Imagine if the camp had remained open until the end of the war? More then 34,000 Dutch Jews were murdered in Sobibor which closed in November 1943. It had only be operational for just over 18 months.

Just over 56,000 Dutch Jews were murdered in Auschwitz ,which closed in January 1945.

sources

https://www.oorlogsbronnen.nl/tijdlijn/Salomon-Rooselaar/01/65178

https://www.joodsmonument.nl/en/page/158373/hartog-rooselaar

Donation

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Donald Davids Murdered innocence

I always try to keep my emotions out of it when I write about the Holocaust, but I often fail. How could I not get emotional when I see a picture of a baby who was murdered.

Donald was born in Amsterdam, on 30 March 1941 .He was murdered in Sobibor, on 11 June 1943., aged 2.

His Father was Meindert Davids and his Mother was Alida Davids-Hoost.

Meindert Davids was born on 23 April 1911 in Rotterdam .He was the son of David Davids and Betje Godschalk. Meindert married Alida Hoost, on 3 July 1940 in Aamsterdam.Alida was born on 1 December 1917 in Amsterdam. She was the daughter of Godschalk Hoost and Leentje Beugeltas. The couple had one child, their pride and Joy Donald, who was born on 30 March 1941 in Amsterdam.

On 17 February 1943, Meindert, Alida and their baby boy Donald were deported from their house on the Waverstraat to concentration camp Vught. From the registration card of the Jewish Council archive of Meindert Davids, it shows that he has been transferred on 21 May 1943 from Vught to the Moerdijk Command, a satellite command of Vught, and subsequently to to Vught and then to Westerbork where he steyd in barrack 62. On 21 September Meindert was put on transport to Auschwitz.

Where he was immediately murdered in the gas chambers of Auschwitz-Birkenau, upon arrival on September 24,1943

Little Donald and his Mother were sent to Westerbork on the 7th of June 1943.

Donald Davids was deported to Sobibor, together with his mother on the 8th June 1943 with the so-called children’s transport.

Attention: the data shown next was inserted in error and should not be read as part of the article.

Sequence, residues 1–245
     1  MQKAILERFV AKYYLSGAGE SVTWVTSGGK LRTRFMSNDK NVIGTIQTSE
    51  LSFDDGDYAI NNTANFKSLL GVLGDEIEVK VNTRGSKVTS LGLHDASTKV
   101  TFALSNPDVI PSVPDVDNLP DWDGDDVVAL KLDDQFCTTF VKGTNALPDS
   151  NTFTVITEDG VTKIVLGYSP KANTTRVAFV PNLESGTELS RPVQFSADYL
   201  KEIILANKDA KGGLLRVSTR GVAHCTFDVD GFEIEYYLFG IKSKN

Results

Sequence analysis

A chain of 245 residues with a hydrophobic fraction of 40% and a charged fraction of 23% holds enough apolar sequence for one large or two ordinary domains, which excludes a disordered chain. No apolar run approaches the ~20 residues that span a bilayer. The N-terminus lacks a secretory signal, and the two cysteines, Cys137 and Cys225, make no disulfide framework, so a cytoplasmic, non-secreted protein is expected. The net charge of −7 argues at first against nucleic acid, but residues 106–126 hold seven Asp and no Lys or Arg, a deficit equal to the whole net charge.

There were about 3000 people on that transport. Below is the breakdown of the age groups.

Off the 3000 people, 2743 are murdered in Sobibor. 17 Others are murdered elsewhere

Donald Davids is murdered on June 11.1943 He reached the age of 2 years. Another 3000+ Dutch Jews were murdered in Sobibor that day.

sources

https://www.joodsmonument.nl/nl/page/156499/donald-davids

https://www.oorlogsbronnen.nl/tijdlijn/Donald-Davids/01/3831

https://www.oorlogsbronnen.nl/tijdlijn/Donald-Davids/01/3831

Donation

I am passionate about my site and I know you all like reading my blogs. I have been doing this at no cost and will continue to do so. All I ask is for a voluntary donation of $2 ,however if you are not in a position to do so I can fully understand, maybe next time then. Thanks To donate click on the credit/debit card icon of the card you will use. If you want to donate more then $2 just add a higher number in the box left from the paypal link. Many thanks

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Semmy and Joop Woortman-Forgotten Heroes

In the past I have been very critical of my fellow Dutch men and women, in relation to the role they played during World War 2. While most opposed the Nazi occupation, they did very little to resist. Of course it is very easy to be critical looking back. In all honesty if I would have been put in that position I would not know how I would have reacted.

I have also written many pieces about the Dutch who collaborated with the Nazis and even joined the SS, for them there is no excuse.

However there were brave Dutch citizens who did resist. Sometimes by just spreading around leaflets, other times in more militant actions. When captured there was a big chance that the death penalty would follow.

Semmy and Joop Woortman were active members of the resistance, they were part of the NV group.

The NV (Naamlose Vennootschap or the Limited) group, was one of several Dutch underground cells involved in rescue efforts to find shelter for Jewish children living in Amsterdam during the German occupation of the Netherlands. Between 1942 and 1943 approximately 4,000 Jewish children were funneled through an assembly center located in the former Jewish daycare center known as the Creche.